What an odd 24 hours. It has felt like Ground Hog Day - that film where Bill Murray plays a reporter forced to repeat the same day until he discovers what the real purposes of life are: fun, love, loyalty, solidarity, faith.
In Brussels, chatting and laughing with my old flatmates from Chez Leyla's (a slum on the ring road, where we battled the landlady, mould in the bathroom and recalcitrant builders) it was like the past five months were simply an illusion. How could I have lived an entirely different existence? It doesn't seem plausible.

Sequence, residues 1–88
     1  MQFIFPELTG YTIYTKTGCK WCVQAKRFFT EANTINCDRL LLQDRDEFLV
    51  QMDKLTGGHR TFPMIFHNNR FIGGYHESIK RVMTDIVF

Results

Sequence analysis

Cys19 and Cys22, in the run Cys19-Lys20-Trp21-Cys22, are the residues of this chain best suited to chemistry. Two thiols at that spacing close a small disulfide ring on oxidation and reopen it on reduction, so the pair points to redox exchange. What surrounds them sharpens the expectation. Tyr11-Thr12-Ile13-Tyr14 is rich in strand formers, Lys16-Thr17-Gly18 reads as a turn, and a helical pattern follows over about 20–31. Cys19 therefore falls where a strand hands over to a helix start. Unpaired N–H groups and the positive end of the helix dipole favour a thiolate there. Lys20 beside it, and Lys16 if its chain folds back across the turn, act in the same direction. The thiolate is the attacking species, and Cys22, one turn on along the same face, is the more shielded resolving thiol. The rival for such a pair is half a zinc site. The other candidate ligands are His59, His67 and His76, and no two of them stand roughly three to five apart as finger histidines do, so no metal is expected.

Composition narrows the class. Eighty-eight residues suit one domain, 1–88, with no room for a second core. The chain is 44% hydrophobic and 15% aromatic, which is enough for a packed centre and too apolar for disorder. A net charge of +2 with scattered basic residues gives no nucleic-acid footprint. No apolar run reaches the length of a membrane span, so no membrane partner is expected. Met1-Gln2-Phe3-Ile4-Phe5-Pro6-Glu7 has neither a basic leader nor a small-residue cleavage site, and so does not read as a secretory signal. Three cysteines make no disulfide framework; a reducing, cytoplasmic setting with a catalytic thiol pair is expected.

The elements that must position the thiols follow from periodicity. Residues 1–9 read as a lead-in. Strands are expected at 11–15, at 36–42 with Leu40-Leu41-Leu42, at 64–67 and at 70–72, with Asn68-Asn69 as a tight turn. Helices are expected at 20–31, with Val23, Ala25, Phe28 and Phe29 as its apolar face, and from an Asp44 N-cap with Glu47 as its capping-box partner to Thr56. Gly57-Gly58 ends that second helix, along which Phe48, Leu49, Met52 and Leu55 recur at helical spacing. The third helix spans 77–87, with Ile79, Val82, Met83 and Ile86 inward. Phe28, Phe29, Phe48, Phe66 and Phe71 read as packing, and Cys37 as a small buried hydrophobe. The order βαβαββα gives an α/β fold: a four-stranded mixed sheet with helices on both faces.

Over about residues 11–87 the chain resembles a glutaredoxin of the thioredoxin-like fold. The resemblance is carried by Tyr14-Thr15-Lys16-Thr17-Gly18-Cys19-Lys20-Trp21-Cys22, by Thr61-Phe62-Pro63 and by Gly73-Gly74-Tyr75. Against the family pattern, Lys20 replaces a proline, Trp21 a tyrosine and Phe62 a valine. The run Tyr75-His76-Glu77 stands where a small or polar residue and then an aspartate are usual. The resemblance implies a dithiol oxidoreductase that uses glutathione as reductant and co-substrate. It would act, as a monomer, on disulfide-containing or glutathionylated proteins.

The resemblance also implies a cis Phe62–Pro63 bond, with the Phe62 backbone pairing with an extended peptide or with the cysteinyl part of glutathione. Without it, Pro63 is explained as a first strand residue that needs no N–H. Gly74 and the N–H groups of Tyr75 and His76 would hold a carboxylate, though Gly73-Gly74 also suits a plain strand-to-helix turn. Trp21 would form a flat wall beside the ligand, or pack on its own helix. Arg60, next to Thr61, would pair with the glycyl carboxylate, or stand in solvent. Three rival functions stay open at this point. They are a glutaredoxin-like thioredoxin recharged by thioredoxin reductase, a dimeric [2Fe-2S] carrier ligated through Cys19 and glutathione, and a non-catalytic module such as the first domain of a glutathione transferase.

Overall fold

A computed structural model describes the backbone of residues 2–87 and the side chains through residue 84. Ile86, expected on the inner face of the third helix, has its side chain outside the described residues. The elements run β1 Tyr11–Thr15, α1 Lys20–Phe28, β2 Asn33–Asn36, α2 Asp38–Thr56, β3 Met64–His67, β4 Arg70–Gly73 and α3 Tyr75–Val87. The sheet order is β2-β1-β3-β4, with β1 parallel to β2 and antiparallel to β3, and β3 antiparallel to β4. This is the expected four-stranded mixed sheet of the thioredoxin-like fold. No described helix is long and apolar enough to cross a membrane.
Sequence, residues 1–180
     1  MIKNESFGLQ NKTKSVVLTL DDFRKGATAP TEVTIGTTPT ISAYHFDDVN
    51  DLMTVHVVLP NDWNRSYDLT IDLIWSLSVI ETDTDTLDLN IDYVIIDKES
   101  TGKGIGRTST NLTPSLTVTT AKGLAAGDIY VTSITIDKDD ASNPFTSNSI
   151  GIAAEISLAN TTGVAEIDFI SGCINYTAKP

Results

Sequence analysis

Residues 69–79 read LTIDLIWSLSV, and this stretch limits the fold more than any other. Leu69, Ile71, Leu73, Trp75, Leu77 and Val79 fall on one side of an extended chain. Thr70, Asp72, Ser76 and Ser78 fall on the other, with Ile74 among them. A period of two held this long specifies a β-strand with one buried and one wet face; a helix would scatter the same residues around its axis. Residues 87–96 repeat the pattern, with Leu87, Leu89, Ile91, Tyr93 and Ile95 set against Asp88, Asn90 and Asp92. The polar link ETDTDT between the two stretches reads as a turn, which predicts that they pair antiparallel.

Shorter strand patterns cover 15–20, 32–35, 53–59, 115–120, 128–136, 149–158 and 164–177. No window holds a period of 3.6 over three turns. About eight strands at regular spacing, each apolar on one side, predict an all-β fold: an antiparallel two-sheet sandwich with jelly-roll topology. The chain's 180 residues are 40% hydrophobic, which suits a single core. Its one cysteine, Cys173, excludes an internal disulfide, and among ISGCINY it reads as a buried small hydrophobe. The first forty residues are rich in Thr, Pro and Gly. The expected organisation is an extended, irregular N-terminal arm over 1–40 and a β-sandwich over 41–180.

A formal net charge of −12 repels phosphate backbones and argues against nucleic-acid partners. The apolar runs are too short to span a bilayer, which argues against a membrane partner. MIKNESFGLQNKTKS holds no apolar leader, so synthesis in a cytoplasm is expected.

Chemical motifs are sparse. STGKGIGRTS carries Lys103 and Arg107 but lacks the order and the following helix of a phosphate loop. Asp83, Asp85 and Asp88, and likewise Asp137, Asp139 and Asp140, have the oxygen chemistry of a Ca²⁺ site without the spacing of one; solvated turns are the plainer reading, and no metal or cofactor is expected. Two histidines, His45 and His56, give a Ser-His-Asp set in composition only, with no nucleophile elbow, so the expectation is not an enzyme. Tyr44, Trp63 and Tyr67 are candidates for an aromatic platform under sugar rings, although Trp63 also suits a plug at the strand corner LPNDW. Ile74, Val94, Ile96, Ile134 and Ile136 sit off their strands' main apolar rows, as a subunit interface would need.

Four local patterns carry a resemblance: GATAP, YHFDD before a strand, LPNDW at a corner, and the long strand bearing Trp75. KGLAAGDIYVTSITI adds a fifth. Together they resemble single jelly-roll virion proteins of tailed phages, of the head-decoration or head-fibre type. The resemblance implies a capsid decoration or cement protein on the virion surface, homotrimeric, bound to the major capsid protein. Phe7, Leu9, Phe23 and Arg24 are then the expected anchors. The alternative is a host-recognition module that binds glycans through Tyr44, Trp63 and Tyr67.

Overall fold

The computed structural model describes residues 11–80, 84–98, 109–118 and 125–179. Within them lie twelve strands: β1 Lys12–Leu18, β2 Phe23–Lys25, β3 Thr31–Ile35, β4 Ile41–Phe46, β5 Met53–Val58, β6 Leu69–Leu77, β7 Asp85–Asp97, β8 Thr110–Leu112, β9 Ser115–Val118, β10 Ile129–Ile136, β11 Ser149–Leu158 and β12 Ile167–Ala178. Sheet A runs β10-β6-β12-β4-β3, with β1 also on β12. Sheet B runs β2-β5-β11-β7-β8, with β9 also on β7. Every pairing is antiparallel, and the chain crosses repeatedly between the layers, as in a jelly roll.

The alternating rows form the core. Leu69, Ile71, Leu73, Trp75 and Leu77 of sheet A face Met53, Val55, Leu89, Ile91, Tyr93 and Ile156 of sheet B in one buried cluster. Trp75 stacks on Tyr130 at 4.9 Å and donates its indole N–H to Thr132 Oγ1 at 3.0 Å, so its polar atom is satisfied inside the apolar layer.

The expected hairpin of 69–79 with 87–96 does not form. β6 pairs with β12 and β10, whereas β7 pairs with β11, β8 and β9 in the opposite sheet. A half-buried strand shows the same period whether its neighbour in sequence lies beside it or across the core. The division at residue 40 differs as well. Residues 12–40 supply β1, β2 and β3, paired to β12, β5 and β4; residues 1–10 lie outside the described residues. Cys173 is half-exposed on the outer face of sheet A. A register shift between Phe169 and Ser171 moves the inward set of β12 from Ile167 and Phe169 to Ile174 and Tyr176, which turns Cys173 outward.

But yet, while everything is the same, I myself feel different. Stalking those familiar corridors, greeting old faces, even laughing with the woman I signed the familiar shorter-than-expected contract with about the wiles of bureaucracy - while a year and a half ago I had cried with fright at the whole experience.
I know it but I don't feel entirely part of it. I can predict responses, topics of conversation, what happens next. But people have hardened, concretised, behind their smiles. The benefits of distance which transforms old acquaintances into strangers? Or the fact that I now have my eyes open to the world?
Whichever it is, that naivety I was always getting warned about has gone. Perhaps I just don't need this to be the great European dream any more. Life itself will do, with no frills. That's growing up I guess.